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FDIC Says Deposit Insurance Fund Should Recover by Late 2018

April 23 (Bloomberg) -- The Federal Deposit Insurance Corp. fund guaranteeing customer deposits in U.S. banks is rebuilding at a faster pace as bank failures slow from their 2010 peak, the agency said in a report today.

The federal backstop, funded by assessments on banks, was at $11.8 billion at the end of 2011, up from a deficit of $20.9 billion at the end of 2009 as the credit crisis caused banks to fail. The FDIC predicted it will spend $12 billion to cover bank shutdowns through 2016, according to a report updating the fund’s health. That five-year cost is $7 billion less than the FDIC’s last five-year projection in October.

The fund remains below its required reserve ratio of 1.15 percent of the deposits it insures and the agency expects it to reach that goal by the latter half of 2018. The FDIC says it anticipates this year’s assessments on banks to stay at about the same $13.5 billion level as in the previous two years. The reserve ratio was at 0.17 percent at the end of 2011, the agency said. The Dodd-Frank Act of 2010 required the FDIC to increase the target ratio to 1.35 percent -- a level it must reach by Sept. 30, 2020.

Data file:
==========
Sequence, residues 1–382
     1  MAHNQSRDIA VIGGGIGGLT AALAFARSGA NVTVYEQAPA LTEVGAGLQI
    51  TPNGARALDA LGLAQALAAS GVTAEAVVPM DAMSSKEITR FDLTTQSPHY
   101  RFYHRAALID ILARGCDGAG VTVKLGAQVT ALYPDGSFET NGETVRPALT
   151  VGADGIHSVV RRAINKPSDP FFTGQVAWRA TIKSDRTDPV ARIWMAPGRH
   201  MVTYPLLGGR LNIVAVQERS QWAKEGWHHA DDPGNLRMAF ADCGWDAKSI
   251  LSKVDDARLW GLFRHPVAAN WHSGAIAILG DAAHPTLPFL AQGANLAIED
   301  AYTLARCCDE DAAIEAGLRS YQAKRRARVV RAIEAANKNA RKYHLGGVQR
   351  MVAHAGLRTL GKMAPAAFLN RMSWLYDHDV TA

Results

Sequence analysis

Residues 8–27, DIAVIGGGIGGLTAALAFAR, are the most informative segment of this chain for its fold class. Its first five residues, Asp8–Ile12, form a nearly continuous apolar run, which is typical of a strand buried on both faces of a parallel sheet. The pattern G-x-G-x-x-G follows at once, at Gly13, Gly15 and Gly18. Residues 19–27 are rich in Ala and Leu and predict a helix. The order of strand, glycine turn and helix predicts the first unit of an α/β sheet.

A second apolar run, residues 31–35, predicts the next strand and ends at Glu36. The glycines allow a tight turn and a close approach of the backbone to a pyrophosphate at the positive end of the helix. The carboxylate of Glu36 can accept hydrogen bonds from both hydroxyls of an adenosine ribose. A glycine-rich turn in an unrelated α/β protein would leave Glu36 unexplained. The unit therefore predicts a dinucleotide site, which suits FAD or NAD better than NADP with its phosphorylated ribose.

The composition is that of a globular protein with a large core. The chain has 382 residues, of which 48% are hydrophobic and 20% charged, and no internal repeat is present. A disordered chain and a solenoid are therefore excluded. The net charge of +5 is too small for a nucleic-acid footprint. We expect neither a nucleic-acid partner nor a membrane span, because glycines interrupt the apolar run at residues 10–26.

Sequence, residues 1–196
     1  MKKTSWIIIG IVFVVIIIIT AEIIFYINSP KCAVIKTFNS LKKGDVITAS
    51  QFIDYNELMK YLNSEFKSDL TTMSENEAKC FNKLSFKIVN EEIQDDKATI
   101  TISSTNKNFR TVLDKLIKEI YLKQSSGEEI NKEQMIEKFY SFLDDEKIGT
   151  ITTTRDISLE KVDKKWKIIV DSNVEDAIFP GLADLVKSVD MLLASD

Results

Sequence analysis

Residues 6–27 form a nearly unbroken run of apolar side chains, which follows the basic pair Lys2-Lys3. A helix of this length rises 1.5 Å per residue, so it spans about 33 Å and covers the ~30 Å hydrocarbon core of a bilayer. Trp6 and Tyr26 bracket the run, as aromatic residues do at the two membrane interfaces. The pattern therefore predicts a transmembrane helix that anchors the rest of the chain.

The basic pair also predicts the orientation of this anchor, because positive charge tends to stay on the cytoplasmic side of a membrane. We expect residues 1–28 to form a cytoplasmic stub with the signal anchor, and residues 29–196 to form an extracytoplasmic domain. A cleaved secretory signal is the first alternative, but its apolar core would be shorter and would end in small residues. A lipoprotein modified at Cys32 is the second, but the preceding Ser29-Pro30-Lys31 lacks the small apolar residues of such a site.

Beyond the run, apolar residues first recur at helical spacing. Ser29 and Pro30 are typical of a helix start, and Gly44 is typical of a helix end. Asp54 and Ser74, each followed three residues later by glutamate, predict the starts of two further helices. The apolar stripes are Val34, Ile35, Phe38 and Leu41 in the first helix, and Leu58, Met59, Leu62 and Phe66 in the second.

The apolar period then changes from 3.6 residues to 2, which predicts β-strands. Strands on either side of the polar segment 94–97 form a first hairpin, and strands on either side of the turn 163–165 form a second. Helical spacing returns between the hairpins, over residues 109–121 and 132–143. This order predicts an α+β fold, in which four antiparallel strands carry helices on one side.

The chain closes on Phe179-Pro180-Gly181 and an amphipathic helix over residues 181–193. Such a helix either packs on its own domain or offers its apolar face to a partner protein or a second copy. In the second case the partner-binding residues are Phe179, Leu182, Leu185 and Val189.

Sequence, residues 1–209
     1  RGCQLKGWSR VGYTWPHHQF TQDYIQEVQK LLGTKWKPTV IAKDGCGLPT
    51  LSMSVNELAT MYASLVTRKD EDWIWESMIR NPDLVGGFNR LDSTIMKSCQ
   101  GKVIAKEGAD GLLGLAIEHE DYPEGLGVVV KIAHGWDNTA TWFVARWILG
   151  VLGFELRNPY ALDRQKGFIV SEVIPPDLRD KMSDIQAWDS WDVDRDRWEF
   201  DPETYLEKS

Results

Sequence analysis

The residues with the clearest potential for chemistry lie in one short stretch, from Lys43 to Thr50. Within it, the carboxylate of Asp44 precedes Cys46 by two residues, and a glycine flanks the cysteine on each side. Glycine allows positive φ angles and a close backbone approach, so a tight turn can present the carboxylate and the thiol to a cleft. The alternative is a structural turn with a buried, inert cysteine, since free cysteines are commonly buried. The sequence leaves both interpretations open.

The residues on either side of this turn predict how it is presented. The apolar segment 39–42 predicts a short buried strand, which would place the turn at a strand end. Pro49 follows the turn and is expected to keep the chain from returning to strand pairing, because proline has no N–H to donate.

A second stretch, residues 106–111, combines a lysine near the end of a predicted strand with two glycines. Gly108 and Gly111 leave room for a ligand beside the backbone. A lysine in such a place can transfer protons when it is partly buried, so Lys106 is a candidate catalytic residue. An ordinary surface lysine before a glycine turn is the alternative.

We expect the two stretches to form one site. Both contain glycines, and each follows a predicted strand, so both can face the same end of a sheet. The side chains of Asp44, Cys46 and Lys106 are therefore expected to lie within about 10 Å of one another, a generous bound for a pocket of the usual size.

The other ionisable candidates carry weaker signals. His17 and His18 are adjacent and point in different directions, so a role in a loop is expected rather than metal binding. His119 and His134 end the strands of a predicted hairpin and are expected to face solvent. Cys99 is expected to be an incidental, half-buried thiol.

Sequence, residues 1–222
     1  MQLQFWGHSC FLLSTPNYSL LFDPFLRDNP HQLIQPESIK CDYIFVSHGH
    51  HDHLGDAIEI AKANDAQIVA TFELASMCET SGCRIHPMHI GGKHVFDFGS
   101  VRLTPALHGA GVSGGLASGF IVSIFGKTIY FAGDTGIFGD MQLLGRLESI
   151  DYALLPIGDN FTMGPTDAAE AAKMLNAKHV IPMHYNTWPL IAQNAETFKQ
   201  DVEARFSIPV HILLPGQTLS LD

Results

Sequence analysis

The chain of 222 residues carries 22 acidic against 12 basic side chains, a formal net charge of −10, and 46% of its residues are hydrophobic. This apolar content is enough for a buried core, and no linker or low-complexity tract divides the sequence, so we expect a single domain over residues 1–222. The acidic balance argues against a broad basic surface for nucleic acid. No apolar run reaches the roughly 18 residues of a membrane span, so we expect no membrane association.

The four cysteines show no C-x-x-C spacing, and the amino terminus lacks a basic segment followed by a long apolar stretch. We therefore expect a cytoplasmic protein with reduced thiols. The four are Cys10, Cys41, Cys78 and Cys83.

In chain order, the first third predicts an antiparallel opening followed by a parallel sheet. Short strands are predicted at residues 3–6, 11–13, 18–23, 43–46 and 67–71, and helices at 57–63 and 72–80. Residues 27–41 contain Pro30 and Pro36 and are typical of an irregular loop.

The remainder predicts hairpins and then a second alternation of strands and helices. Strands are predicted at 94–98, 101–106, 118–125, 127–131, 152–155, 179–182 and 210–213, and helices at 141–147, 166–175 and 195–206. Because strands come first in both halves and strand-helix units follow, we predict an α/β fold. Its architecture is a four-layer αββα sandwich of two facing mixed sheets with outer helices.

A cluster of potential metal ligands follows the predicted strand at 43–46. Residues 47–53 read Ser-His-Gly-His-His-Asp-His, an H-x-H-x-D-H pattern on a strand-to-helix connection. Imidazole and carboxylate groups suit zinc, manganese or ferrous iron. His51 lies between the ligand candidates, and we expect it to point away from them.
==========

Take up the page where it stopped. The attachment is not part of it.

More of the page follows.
The fund returned to a positive balance last year. Last week, Fort Lee Federal Savings Bank of Fort Lee, New Jersey became the 17th FDIC-insured institution to fail this year, estimated to cost the fund $14 million.

‘Problem List’ Shrinks

The number of banks on the FDIC’s confidential “problem list” has been declining, going from 844 to 813 in the final quarter of 2011, according to the agency’s quarterly banking profile.

“The FDIC has been overly conservative in setting aside reserves for possible failures that did not occur,” said James Chessen, executive vice president and chief economist of the Washington-based American Bankers Association, in a statement that argued assessments are too high for what the fund needs. “Banks will provide more than $65 billion in revenue over the next five years, more than five times what the FDIC expects in failure costs.”

The FDIC reports new five-year projections for the fund’s health twice a year. Today’s meeting of the board was the first for new members Thomas Hoenig and Jeremiah O. Norton, who were sworn in last week after recent Senate confirmations, which also established FDIC board member Thomas J. Curry as chief of the Office of the Comptroller of the Currency.

To contact the reporter on this story: Jesse Hamilton in Washington at jhamilton33@bloomberg.net.

To contact the editor responsible for this story: Maura Reynolds at mreynolds34@bloomberg.net.

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